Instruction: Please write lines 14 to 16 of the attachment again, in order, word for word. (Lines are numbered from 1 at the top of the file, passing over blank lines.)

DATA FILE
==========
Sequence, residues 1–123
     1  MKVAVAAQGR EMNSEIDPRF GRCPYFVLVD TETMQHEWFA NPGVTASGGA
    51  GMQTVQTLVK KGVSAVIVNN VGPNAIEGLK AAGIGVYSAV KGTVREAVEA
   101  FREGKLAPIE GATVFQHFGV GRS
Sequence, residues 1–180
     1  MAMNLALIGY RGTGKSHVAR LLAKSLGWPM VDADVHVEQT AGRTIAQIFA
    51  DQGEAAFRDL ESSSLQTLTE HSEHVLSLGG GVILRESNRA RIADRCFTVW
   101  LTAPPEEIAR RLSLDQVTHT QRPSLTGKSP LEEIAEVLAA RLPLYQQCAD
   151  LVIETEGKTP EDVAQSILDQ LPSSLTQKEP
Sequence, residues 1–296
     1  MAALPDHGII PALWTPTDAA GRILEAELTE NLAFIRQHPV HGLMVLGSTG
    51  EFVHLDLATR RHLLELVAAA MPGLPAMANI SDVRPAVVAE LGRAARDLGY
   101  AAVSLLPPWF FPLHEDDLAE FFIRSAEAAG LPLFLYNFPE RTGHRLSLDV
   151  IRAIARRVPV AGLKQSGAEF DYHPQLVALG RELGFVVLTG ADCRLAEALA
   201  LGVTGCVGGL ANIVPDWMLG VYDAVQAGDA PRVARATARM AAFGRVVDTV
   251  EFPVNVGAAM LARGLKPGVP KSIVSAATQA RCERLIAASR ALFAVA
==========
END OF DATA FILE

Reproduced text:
   151  IRAIARRVPV AGLKQSGAEF DYHPQLVALG RELGFVVLTG ADCRLAEALA
   201  LGVTGCVGGL ANIVPDWMLG VYDAVQAGDA PRVARATARM AAFGRVVDTV
   251  EFPVNVGAAM LARGLKPGVP KSIVSAATQA RCERLIAASR ALFAVA